Second, focusing on goals lets us differentiate approaches by effectiveness. Without a clear understanding of the job of data science, it's impossible to tell the difference between professionals who choose the right tools to get the job done, and bandwaggoners who are just playing with every shiny new toy.  Since the bandwagoning has started already, I think we'll be well served to differentiate between effective data scientists and the tools they use.

Analogy: I'm in the hospital for an appendectomy as I write this, going under the knife in a few hours.  I find it much more comforting to think of the doctors in terms of goals ("People who help you regain their health") than tools and methods ("People who cut holes in you with scalpels and wires").  Similarly, I'd be much happier hiring a data scientist who is good at answering questions, than one who is good with mongoDB, or Bayesian models.  Having the tools is necessary but not sufficient to accomplish the goals.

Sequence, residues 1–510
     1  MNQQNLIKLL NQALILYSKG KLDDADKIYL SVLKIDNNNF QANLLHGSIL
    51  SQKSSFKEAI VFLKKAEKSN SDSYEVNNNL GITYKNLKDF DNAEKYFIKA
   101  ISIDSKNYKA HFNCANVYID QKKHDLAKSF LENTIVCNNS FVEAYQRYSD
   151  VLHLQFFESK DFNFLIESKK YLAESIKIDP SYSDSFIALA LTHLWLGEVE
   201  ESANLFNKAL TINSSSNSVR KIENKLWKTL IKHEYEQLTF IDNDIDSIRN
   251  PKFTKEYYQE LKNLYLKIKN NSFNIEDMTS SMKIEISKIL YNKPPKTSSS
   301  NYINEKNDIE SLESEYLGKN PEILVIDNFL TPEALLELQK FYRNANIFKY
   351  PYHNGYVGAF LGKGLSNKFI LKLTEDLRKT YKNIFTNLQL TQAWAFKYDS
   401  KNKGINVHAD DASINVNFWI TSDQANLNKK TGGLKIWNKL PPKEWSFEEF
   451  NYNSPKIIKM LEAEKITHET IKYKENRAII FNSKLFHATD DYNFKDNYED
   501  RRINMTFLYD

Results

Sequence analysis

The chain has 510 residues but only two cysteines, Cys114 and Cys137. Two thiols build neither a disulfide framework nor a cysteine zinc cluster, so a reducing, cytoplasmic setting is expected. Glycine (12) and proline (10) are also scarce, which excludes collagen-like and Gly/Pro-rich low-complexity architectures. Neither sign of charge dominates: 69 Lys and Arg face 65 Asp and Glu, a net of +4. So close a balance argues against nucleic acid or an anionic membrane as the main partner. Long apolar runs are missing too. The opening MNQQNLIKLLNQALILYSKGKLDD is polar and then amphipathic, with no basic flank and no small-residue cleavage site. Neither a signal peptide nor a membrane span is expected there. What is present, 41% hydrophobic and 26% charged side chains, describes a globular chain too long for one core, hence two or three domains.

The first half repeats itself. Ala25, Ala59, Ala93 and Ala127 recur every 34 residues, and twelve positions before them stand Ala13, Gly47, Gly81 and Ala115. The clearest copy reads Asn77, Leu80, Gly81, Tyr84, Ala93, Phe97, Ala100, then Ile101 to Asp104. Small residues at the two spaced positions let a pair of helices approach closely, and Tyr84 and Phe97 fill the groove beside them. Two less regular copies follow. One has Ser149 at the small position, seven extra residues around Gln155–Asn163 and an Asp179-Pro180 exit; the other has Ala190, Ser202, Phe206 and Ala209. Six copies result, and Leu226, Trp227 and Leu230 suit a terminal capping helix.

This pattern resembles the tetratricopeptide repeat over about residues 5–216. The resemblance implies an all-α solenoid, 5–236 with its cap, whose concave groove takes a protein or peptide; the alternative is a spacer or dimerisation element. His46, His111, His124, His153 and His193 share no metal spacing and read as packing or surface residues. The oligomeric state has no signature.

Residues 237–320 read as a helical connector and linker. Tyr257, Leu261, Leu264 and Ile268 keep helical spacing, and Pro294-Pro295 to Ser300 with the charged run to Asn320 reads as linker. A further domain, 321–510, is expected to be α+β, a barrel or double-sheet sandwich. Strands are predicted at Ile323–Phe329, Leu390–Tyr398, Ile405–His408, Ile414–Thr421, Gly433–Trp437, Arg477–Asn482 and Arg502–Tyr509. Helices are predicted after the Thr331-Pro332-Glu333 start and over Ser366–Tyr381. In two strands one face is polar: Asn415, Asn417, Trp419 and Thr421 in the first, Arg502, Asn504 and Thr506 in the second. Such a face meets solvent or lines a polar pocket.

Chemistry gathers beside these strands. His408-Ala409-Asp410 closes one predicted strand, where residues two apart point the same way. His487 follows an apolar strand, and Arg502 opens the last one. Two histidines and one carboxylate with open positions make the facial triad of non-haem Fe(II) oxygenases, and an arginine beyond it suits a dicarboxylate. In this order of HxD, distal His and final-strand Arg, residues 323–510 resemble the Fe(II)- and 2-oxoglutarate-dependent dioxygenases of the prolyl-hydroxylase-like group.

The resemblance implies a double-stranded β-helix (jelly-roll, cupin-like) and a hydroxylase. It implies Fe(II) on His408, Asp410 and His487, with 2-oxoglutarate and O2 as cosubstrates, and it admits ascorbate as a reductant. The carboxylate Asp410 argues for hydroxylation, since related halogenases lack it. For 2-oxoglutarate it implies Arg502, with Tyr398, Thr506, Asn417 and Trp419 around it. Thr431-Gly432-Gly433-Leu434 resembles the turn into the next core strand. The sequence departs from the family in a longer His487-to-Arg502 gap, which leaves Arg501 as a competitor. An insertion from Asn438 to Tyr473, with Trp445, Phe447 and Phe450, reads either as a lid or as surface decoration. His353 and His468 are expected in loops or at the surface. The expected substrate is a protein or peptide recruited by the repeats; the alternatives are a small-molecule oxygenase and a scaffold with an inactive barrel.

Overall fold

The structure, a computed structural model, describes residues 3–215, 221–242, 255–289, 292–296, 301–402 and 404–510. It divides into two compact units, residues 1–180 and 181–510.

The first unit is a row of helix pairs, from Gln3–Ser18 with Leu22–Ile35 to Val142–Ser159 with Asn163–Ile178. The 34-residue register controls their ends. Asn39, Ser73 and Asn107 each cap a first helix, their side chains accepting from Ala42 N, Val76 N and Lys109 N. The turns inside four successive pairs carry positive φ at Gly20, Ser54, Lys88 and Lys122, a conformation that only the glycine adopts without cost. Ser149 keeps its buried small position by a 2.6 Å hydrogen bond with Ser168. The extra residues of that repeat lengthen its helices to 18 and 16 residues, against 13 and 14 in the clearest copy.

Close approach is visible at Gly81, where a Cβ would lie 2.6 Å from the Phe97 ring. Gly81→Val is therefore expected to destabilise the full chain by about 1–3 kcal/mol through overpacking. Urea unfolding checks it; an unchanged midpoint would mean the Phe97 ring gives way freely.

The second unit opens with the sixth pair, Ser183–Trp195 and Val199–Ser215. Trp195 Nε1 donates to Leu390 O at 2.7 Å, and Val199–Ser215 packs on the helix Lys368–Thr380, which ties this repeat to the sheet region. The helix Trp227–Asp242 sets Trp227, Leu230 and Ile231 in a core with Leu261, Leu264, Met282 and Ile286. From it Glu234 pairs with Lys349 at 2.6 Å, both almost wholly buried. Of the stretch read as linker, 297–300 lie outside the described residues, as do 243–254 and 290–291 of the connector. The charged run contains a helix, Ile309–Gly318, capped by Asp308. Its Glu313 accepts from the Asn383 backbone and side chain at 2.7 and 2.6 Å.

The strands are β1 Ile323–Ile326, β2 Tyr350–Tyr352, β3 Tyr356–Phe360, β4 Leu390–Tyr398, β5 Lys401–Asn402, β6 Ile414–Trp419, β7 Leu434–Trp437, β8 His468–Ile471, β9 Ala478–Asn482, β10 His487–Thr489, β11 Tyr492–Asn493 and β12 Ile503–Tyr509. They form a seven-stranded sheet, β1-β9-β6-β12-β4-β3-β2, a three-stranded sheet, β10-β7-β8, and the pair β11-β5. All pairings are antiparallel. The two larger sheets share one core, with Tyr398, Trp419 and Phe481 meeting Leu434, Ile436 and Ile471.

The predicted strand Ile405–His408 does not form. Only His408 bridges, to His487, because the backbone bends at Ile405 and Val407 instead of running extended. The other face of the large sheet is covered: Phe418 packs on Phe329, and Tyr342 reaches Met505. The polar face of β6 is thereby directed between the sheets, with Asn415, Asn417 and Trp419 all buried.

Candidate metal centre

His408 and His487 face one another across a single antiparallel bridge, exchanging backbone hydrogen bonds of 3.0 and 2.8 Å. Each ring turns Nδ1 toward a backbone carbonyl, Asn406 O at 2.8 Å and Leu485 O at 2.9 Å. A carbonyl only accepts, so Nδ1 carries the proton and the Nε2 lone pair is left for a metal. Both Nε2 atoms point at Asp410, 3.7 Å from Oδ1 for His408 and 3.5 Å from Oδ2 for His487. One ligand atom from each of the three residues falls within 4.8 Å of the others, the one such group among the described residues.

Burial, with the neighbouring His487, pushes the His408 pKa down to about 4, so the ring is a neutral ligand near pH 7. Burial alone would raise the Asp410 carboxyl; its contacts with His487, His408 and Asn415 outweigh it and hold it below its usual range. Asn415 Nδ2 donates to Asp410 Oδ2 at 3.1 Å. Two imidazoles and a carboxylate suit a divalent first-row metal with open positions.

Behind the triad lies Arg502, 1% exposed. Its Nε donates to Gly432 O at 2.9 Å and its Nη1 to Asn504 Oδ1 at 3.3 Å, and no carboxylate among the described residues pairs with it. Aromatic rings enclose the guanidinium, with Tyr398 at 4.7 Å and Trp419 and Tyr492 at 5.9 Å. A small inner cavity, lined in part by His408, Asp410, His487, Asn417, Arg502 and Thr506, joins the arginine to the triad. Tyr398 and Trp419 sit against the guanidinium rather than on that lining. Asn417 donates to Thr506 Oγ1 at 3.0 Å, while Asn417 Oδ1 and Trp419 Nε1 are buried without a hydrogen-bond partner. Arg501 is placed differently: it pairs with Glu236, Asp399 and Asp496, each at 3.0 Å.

With those ideas on the table, here are some comparisons I'd like to explore in the future:

  • How is data science different from "big data"?
  • How is data science different from statistics?
  • How is data science different from data analysis?
  • How is data science different from science in general?
  • How is data science different from software engineering?

What do you think?  Discuss.

Wednesday, March 6, 2013

Notes on Data-driven Design in the 2012 Obama campaign